In order to test whether the film reacts linearly to humidity within the Payne Cell, a number of experiments were carried out by means of saturated salt solutions with the polystyrene film placed in the Payne Cell. Next, high purity water (NERL®) was used to wash the film subsequent to each experiment to prevent contamination.

Figure 2 shows a representative data plot, which reveals the mass loss of the Payne Cell assembly with polystyrene film encasing the saturated salt solution of Mg(NO3)2.

Water flux experiment with PS film over Mg(NO3)2 saturated solution in Payne Cell.

Figure 2. Water flux experiment with PS film over Mg(NO3)2 saturated solution in Payne Cell.

The fitted line exhibits an R2 = 1.00 and the slope ensues in a flux value of 2.283g/m2 hr. Likewise, similar experiments were carried out with a range of saturated salt solutions. The results are illustrated in Table 1.

Table 1. Polystyrene film water flux vs. internal humidity.

Saturated Salt Solution Payne Cell Internal Salt Solution (%RH) Polystyrene Film- Calculated Flux, 25°C (g/m²hr)
LiBr 6.40 0.2568
LiCl 11.30 0.4744
MgCl2 32.80 1.4340
Mg(NO3)2 52.89 2.2830
NaCl 75.30 3.1920
KCl 84.30 3.6460
KNO3 93.70 4.0000
H2O Pure 100.00 4.2930

Figure 3 shows that the polystyrene film has a linear flux behaviour with regard to the water vapor pressure in the Payne Cell. Hence, the cell can be loaded with any material having a water vapor pressure and its Aw can be measured by determining the slope of the mass loss across the same membrane and contrasting it to the calibration curve.

Payne Cell internal RH vs. PS film flux, 25°C.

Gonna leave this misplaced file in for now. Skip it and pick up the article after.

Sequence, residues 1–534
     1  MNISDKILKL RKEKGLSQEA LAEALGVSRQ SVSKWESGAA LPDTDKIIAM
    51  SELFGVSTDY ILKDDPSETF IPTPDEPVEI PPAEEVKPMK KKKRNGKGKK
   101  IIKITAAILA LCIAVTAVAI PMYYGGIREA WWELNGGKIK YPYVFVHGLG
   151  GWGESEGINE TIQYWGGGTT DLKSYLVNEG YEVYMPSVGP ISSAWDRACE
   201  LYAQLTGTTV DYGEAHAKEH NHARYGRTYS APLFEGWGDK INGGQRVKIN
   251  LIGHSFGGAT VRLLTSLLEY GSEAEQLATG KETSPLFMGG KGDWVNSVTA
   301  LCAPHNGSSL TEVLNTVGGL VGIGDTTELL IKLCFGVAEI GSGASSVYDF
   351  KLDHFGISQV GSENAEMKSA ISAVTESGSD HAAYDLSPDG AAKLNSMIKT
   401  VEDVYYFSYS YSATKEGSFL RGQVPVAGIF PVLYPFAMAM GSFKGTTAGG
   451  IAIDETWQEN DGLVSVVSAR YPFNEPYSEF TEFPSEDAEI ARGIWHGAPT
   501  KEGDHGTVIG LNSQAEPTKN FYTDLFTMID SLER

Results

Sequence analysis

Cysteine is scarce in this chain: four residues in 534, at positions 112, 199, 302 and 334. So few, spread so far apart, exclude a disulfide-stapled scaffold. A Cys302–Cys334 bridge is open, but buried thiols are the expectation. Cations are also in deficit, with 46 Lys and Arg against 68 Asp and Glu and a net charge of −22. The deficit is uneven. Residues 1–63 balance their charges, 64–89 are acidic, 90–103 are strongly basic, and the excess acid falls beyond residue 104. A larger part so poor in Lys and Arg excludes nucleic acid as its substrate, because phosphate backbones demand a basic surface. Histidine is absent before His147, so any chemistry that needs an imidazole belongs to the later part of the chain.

Figure 3. Payne Cell internal RH vs. PS film flux, 25°C.

High Aw Food Samples

After completing the calibration of film, some food samples can be tested by applying the same process. All experiments were carried out at 25°C temperature and 200 sccm of dry gas flow.

Four experiments on Mg(NO3)2 produced an average Aw of 0.5229 with a standard deviation of 0.0057. This matches with the literature value of 0.5289. Given that water activity can differ considerably with the composition of prepared foods, a list of common foods and their Aw, as quantified by accepted methods, was used.

A few items were selected from this list to cover the range of Aw between 0.30 and 0.99. The results of tests carried out on certain food items are shown below.

Strawberry Jelly, measured Aw = 0.8350

Figure 4. Strawberry Jelly, measured Aw = 0.8350

Figure 4 shows the result for Strawberry Jelly. The test was continued for over 1200 minutes to see whether there was any significant change in the flux being determined. The flux remained constant during the whole time period.

A fit to the initial 350 minutes of data results in an R2 of 0.9998, and the resultant Aw was 0.8350 in the upper range for jams, jellies, and marmalades in reference 5 (0.75 to 0.80). In order to allow for temperature equilibration, the initial 10 minutes were deleted.

Similarly, a number of experiments were carried out to achieve statistical data on the technique used. Optimum results were achieved when the sample was taken beneath the jelly’s surface.

Twelve such experiments were carried out with a standard deviation of 0.0089 and an average Aw result of 0.8298. The size of the samples ranged between 250 and 450 mg. No relationship was noticed with the sample size.